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Large Chamber Hyperbaric Center Opens at St. Joseph’s Hospital


Rare Facility to Treat Diabetes Patients and Others

Dignity Health St. Joseph’s Hospital and Medical Center has launched a wound healing and hyperbaric center that includes an unusual 10-patient chamber which provides a relaxing and therapeutic setting for patients.  The large chamber is one of only about a dozen in use throughout the nation and includes theater-style seating with a large flat-screen TV for the approximate 100-minute treatment.

The new center, which is run in partnership with OxyHeal Health Group, also includes a second chamber that accommodates up to three patients.  A nurse or technologist accompanies patients and reassures and assists them during treatment while being supervised by a credentialed hyperbaric physician for maximum therapeutic benefit and safety. Typical  single-person hyperbaric chambers generally do not allow for an attendant in the chamber.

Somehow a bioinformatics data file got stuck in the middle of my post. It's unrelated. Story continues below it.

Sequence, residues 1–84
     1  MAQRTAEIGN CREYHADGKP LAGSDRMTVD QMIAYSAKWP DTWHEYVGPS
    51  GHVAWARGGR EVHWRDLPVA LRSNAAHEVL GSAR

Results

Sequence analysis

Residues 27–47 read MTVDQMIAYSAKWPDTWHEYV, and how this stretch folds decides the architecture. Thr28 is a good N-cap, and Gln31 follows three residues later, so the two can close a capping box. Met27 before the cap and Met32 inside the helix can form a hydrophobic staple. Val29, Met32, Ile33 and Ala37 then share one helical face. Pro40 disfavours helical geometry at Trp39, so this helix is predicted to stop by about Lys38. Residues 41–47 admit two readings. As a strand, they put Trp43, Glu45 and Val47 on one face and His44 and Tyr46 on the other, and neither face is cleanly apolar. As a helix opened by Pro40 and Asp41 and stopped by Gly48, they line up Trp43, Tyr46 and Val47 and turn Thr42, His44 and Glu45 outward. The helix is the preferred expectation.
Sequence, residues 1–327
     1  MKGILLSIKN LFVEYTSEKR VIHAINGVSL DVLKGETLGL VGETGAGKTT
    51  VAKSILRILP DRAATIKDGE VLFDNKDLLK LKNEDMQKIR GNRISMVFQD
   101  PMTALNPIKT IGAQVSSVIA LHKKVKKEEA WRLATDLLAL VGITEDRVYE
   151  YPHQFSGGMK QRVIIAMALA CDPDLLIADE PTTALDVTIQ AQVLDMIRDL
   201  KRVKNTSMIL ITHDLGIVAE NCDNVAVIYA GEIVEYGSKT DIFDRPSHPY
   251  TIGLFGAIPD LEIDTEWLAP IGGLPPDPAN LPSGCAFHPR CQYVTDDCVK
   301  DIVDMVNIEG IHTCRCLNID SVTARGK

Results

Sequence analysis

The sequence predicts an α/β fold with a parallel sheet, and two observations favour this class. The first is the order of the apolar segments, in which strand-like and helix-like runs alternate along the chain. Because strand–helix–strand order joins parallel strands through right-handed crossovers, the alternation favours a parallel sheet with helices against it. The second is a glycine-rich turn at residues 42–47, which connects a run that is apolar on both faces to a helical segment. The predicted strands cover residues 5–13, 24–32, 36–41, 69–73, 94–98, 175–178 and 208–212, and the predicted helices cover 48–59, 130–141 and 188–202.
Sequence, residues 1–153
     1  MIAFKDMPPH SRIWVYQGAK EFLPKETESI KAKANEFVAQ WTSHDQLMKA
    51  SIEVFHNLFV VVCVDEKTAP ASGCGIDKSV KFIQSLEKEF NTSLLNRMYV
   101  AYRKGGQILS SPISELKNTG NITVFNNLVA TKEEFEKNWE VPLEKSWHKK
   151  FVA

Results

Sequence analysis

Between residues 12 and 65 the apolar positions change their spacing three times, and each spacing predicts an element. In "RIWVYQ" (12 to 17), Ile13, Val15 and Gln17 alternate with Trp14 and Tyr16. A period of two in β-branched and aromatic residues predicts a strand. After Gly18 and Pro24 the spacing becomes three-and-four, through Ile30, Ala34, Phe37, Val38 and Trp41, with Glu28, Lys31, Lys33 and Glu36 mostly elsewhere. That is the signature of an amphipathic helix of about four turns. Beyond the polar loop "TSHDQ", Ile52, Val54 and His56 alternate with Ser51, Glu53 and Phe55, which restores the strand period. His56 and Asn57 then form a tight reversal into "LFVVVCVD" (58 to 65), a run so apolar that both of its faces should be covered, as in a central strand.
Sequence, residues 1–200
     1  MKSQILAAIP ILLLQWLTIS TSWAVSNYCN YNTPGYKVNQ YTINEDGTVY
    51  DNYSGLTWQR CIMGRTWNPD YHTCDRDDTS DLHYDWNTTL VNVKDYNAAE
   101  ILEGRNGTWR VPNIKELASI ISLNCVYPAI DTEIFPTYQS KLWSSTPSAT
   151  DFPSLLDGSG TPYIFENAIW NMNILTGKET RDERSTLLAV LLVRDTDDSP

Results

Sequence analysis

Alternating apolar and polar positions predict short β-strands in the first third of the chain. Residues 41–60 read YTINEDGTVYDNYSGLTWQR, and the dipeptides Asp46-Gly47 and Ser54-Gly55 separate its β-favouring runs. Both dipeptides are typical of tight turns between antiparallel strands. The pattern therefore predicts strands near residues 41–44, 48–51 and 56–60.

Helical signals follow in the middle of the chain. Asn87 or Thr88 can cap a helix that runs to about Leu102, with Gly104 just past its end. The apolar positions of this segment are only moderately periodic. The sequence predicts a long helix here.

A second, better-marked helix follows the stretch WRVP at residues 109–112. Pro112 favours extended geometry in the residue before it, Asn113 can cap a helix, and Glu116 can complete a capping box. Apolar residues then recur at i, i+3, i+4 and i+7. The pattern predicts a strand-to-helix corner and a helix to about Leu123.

The center will be used for a number of different injuries including diabetic wounds.  Injuries suffered by diabetic patients are a leading cause of amputations in the nation.   The use of hyperbaric oxygen treatments has been shown to significantly reduce the amputation rate in these patients.

“This center is unusual in the Valley because it will ultimately provide services to both outpatients and patients admitted to our hospitals,” said Patty White, president and CEO of St. Joseph’s. “Eventually, inpatient services will support our trauma program and other emergency conditions that benefit from hyperbaric medical treatments.”

In addition to diabetic patients, hyperbaric oxygen treatments will benefit patients with tissue damage following exposure to radiation treatments for cancer. Other indications for hyperbaric oxygen therapy include certain bacterial infections, and emergent conditions such as decompression illness, carbon monoxide poisoning, crush injuries and reattachment after a traumatic amputation.  The center, in partnership with Barrow Neurological Institute at St. Joseph’s, also plans to use hyperbaric oxygen for neurologic conditions such as traumatic brain injury.

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